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Swollen Uvula – Causes, Symptoms, Treatment, Remedies

A swollen uvula can arise due to various reasons and it is an important aspect to look at when examining for bacteria and microorganisms that enter the respiratory and digestive tracts. People with inflamed uvula go through a great deal of pain and find it extremely hard to swallow food and modulate their voices. Some people suffer from an inflamed uvula only once in their whole lifetime, while it is a recurring problem for others.

Although a swollen uvula resolves on its own, treatment is still necessary especially for people whose inflamed uvula does not get better within 8 to 12 hours and is associated with fever and breathing difficulty. The treatment depends on the root cause of the inflammation.

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What is an uvula?

The uvula refers to the small mass hanging at the back part of the soft palate. The name came from the Latin word “uva”, meaning grape. This grape-shaped mass is composed of connective tissues, muscular fibers and racemose glands which play a vital role in the expression of speech and sounds as well as in swallowing food. The uvula works with the soft palate when swallowing food by moving and closing the nasopharnyx to keep the food from entering the nasal cavity. In addition, the uvula also serves as the protective shield against bacteria and microorganisms that enter the body through the gastrointestinal tract. A swollen uvula brings a great deal of discomfort especially when swallowing food.

What does a swollen uvula indicate?

An inflamed uvula is an indication that something is irritating the small fleshy mass. Various factors can make this happen and most of the time, the surrounding structures get inflamed too such as the throat and mouth. A swollen uvula is 3 to 5 times larger than its normal size.

The uvula may become swollen due to variety of reasons, and some of these are:

  • Dry throat

This is the most common reason for having a swollen uvula which could be caused by sleeping with the mouth open, dehydration, or living in a place that has an extremely dry climate. Air pollution and smoking can cause an inflamed uvula as well.

  • Infections

The uvula gets swollen when it is infected either by viruses or bacteria.

  • Consuming hot foods and beverages

The tissues in the uvula will sometimes get burned when consuming hot foods and beverages. Alcohol abuse and canker sores can also result in the inflammation of the uvula.

  • Acid reflux

Acid reflux can irritate the uvula making it swell.

  • Severe allergic reactions

In some cases, an inflamed uvula could be a sign of a severe allergic reaction to food, medication or certain substances. Prompt medical attention is highly needed as the patient may die from it.

This is not a comprehensive list of the reasons why the uvula gets swollen, but any of these can instigate various symptoms which could help doctors come up with a definitive diagnosis.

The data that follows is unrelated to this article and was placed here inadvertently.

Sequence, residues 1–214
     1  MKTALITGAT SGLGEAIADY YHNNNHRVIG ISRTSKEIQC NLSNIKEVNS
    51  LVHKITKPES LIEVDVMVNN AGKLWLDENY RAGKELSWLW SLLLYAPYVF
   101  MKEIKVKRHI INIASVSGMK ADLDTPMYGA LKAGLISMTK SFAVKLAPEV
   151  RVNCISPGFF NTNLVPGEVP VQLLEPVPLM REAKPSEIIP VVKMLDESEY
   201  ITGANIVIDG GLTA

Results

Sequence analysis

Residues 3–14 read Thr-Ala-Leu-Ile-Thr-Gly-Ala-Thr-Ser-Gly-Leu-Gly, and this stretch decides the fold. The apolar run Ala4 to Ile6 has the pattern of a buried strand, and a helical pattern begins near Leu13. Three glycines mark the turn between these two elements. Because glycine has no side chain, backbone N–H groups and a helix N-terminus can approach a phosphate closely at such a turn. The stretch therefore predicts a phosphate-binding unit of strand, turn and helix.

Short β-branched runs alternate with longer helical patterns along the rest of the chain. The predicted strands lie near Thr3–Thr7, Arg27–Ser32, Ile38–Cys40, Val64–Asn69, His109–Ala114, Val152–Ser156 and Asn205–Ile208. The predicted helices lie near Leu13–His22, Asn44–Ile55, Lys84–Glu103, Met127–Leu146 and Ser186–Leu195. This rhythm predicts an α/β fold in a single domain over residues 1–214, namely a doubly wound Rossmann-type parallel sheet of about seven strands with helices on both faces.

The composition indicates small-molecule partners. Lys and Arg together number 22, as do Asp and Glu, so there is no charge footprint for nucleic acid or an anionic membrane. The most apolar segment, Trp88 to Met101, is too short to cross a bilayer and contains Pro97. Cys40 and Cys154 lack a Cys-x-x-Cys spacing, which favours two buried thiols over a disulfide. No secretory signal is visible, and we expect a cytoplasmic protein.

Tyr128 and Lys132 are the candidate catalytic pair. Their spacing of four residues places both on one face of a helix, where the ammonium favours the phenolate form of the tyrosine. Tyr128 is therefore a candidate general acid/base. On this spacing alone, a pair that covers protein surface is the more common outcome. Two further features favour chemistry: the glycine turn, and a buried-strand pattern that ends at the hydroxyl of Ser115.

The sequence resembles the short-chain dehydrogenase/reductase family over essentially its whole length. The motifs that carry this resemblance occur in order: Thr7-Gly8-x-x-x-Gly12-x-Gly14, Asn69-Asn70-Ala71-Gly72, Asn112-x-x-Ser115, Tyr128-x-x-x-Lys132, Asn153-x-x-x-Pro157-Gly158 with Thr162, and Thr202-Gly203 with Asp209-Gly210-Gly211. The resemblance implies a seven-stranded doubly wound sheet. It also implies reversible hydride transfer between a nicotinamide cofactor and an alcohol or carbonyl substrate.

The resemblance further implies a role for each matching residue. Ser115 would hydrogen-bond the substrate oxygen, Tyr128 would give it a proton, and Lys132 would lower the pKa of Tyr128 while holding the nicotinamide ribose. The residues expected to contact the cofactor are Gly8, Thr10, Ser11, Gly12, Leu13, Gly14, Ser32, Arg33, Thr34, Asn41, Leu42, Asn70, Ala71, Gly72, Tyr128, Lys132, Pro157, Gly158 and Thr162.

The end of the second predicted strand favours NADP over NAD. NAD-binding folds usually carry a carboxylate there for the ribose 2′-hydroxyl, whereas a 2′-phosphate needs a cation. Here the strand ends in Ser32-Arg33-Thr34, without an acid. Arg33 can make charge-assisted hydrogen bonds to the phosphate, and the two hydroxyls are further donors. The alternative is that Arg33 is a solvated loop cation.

Swollen Uvula symptoms

Whatever the reason behind a swollen uvula, sufferers will feel the following symptoms.

  • Dry mouth
  • Sore throat
  • Dysphagia or swallowing difficulties
  • Swollen tonsils
  • Headache
  • High fever
  • Throat pain
  • Hoarse voice
  • Tight and irritated throat
  • Desire to cough and vomit

Swollen Uvula Treatment

Although in most cases, an inflamed uvula clears by itself or is treatable at home; but some people need professional medical attention. This is extremely important when the inflammation is severe and comes with pain that lasts for over 1 to 2 days. The patient should consult an Otolaryngology, a doctor that specializes in throat, nose and ear problems. He or she will conduct a thorough evaluation to determine the root cause of the inflammation and prescribe appropriate medications. A swollen uvula is often treated with antibiotics, antiviral medications, pain killers and throat sprays. Recurrent bouts of inflamed uvula are treated with Adrenalin shots.

Swollen Uvula Remedies

There are countless natural home remedies for swollen uvula, and some of these are:

  • Drinking plenty of water

An inflamed uvula caused by dehydration is best treated by drinking plenty of water, about 10 to 12 glasses daily.

  • Chewing garlic cloves daily

Two to three cloves of garlic daily is effective in reducing the inflammation of the uvula as well as in lowering blood pressure if the patient has hypertension.

  • Cold water and ice cream

These also help in reducing the swelling of the uvula but should be avoided by patients suffering from common colds.

  • Turmeric solution

Mixing half a teaspoon of turmeric to one glass of water is effective not only in treating a swollen uvula but common colds as well.

  • Tea

Tea made from basil leaves is also helpful in treating an inflamed uvula.

  • Honey

Honey speeds up the healing process of the swelling.

A swollen uvula is relatively common and could be treated at home. However, recurrent episodes of could be an indication of an underlying medical condition which requires further evaluation and appropriate treatment.

 

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